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Repeat photography samples were used to analyze how the structure and site-specific distribution of forests may or may not have changed during the past century in the San Juan Mountains, Colorado. Systematic evaluation of 146 photosets was combined with field observations to identify trends in vegetation change. Both conifers and deciduous trees (e.g., aspen) have increased in extent. Forest recovery from large disturbances that occurred during Euro-American settlement contributed substantially to this increase. Trees also encroached into grass/shrublands, but less than half of photosets show tree invasion, and invasion is more common in small grass/shrubland openings interspersed with forest than in large openings....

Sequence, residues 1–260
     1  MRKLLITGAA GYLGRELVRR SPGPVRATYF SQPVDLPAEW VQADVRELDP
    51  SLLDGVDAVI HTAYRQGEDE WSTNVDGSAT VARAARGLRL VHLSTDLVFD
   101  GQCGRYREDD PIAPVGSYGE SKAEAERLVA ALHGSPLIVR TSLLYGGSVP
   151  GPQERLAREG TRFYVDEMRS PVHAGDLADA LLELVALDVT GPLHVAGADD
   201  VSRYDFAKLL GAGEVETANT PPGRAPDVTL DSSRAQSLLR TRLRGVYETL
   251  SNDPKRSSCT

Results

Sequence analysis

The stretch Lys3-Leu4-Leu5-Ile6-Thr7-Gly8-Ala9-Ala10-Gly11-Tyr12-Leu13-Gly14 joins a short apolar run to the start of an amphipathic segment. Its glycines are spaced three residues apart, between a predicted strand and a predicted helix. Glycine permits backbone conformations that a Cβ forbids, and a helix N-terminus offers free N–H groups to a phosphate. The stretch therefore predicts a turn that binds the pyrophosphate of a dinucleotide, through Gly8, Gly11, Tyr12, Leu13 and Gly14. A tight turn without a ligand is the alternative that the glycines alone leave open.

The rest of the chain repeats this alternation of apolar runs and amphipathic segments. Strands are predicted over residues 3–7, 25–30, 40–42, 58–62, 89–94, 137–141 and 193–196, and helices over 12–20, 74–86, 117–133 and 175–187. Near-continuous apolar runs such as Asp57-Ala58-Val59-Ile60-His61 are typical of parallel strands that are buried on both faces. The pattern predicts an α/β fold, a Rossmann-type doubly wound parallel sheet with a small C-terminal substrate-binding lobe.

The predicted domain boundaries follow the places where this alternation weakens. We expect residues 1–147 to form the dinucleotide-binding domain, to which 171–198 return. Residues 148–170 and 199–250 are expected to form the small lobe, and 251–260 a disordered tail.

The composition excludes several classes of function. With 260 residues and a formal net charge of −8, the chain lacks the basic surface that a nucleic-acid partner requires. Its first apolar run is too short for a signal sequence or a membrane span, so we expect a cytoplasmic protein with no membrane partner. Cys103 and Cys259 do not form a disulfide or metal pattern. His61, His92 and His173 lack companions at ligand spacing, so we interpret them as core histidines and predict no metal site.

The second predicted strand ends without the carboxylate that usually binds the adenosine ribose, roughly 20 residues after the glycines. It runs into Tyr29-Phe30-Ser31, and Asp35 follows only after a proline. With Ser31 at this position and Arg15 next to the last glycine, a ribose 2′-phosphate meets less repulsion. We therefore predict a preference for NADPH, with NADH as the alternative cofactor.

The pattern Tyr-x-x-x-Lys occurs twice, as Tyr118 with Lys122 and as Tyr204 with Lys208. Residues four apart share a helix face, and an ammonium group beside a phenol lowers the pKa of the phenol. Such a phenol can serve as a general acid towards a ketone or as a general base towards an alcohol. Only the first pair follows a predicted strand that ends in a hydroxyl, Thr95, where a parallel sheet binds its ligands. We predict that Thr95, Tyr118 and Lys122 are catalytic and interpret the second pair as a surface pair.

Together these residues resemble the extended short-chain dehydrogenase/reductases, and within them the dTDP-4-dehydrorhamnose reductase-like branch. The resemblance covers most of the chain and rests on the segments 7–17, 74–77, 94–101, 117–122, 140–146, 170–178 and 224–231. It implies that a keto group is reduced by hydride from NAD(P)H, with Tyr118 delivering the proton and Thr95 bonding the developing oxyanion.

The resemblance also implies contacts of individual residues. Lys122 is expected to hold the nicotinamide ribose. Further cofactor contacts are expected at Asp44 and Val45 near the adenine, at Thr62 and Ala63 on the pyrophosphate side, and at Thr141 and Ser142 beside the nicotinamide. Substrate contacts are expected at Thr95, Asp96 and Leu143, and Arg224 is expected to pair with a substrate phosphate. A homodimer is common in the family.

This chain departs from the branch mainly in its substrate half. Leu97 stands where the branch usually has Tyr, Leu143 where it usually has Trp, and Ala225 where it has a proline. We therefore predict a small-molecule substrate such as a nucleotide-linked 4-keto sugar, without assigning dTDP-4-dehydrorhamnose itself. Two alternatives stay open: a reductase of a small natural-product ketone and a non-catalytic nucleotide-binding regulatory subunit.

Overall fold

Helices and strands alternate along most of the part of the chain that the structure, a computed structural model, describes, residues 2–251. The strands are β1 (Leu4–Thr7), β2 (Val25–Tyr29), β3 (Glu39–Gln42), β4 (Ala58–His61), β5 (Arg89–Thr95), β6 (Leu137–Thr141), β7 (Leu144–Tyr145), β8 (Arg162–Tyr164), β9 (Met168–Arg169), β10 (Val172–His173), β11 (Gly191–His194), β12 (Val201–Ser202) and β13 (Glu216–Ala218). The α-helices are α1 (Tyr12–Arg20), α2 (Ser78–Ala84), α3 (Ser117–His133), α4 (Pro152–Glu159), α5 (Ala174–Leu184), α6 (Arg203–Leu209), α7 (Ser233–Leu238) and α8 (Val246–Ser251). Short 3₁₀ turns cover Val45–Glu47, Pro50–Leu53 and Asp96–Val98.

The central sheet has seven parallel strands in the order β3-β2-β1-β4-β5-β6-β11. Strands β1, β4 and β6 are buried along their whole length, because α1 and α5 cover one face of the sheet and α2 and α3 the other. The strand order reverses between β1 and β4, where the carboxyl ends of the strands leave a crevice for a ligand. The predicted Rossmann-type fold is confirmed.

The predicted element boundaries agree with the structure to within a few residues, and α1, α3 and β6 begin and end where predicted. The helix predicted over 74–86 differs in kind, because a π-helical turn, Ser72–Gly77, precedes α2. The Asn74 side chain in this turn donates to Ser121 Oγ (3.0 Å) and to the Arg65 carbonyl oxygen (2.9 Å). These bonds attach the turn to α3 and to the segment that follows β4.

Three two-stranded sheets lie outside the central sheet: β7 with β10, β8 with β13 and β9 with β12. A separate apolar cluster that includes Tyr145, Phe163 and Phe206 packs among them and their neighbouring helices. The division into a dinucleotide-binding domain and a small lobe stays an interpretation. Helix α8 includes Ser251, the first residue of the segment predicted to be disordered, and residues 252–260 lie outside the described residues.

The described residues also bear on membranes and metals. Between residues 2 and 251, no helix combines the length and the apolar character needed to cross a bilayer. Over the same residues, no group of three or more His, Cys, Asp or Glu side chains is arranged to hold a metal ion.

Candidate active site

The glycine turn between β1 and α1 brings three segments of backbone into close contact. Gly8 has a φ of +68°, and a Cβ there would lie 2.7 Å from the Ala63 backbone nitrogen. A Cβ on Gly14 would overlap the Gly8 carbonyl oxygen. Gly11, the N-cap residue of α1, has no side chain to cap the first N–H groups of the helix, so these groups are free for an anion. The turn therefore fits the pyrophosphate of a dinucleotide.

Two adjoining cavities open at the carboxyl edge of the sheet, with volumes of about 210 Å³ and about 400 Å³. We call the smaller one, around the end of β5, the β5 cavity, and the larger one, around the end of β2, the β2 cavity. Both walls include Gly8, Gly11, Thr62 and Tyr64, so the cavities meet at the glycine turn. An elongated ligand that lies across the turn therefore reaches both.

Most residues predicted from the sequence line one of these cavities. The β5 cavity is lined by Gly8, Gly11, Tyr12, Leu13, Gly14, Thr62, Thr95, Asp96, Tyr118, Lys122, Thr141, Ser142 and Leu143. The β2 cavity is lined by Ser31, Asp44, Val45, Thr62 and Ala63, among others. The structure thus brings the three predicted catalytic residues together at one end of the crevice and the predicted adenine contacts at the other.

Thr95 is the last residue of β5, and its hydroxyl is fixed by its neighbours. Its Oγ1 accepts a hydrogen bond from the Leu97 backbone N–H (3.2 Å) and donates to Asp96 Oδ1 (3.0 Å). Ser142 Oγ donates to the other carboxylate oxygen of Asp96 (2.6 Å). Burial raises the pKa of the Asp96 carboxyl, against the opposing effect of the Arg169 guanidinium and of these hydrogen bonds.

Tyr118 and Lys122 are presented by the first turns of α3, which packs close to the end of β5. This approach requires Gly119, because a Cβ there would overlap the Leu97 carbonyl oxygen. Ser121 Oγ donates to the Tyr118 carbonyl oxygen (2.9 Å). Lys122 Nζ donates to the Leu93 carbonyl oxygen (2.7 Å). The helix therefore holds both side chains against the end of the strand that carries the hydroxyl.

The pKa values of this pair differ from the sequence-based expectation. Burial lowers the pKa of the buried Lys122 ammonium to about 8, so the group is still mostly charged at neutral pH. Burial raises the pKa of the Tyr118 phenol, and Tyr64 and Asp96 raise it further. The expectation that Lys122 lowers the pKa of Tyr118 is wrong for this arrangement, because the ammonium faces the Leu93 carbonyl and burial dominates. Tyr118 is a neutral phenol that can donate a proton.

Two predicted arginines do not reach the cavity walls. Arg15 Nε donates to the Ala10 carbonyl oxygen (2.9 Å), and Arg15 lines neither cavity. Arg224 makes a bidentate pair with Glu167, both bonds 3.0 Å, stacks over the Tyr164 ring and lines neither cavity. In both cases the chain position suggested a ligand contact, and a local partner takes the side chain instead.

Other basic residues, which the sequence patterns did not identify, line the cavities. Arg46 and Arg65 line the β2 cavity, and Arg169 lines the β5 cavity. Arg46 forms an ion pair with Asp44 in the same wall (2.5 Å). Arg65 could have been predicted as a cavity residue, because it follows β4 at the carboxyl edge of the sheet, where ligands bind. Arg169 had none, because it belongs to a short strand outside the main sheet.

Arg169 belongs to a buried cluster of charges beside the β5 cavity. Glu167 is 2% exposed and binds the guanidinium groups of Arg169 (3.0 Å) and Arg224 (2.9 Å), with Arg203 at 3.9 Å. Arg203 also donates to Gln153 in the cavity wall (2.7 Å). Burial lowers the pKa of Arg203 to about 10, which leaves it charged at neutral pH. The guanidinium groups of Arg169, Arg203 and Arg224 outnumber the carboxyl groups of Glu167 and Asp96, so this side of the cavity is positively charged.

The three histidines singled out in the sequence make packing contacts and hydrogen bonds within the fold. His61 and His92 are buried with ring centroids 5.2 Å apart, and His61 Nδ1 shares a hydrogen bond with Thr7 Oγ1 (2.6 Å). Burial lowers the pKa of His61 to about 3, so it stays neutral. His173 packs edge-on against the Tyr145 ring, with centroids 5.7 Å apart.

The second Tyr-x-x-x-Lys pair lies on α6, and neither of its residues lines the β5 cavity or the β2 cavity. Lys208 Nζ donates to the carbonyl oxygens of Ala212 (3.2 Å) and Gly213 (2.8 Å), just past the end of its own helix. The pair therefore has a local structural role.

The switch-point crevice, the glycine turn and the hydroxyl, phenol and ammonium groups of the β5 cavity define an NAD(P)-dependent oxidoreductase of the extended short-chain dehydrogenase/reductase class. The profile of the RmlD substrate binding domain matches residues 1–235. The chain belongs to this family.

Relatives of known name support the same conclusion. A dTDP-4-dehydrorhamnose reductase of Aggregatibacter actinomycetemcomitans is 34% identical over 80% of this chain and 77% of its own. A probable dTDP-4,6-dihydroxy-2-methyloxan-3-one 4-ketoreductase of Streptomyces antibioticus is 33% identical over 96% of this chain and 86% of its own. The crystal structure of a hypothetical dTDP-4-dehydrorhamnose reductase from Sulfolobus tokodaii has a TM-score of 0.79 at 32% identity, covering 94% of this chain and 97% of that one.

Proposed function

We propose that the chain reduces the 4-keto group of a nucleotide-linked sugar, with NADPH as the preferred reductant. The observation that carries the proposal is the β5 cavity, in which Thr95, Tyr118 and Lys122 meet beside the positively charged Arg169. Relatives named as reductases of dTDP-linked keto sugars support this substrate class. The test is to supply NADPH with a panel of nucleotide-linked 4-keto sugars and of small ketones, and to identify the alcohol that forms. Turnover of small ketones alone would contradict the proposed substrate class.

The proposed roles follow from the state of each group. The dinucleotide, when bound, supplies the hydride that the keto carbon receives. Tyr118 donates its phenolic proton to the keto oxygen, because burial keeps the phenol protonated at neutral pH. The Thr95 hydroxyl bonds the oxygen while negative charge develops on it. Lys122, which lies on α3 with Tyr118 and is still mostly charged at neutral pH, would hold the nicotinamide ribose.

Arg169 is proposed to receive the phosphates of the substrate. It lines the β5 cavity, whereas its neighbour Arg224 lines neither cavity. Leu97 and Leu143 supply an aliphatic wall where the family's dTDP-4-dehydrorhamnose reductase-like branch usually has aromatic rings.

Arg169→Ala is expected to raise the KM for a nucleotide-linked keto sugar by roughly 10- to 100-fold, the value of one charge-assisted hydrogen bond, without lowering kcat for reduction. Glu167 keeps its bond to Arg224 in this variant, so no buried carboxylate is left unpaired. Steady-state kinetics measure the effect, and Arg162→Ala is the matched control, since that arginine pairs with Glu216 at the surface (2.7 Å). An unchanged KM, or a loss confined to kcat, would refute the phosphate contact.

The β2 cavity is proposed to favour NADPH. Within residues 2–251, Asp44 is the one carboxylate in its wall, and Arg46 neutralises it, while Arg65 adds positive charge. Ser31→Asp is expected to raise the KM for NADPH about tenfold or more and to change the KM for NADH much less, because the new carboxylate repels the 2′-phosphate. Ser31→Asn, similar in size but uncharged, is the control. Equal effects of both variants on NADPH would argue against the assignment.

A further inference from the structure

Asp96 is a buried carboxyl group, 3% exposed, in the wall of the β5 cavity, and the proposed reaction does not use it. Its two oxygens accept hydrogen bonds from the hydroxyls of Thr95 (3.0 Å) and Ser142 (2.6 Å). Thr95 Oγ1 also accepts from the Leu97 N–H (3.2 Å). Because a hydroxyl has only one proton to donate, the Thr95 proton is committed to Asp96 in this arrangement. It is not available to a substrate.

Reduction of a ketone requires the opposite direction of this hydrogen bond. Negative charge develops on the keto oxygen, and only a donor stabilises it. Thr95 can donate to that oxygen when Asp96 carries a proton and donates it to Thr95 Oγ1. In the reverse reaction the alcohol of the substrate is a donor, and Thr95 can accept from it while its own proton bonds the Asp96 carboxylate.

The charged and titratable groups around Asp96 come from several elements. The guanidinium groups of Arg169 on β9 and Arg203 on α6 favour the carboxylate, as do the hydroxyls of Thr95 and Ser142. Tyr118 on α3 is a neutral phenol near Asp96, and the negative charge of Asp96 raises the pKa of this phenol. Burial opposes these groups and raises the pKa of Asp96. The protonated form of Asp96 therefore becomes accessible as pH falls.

Piñon–juniper is a major vegetation type in western North America. Effective management of these ecosystems has been hindered by inadequate understanding of 1) the variability in ecosystem structure and ecological processes that exists among the diverse combinations of piñons, junipers, and associated shrubs, herbs, and soil organisms; 2) the prehistoric and historic disturbance regimes; and 3) the mechanisms driving changes in vegetation structure and composition during the past 150 yr. This article summarizes what we know (and don't know) about three fundamentally different kinds of piñon–juniper vegetation. Persistent woodlands are found where local soils, climate, and disturbance regimes are favorable...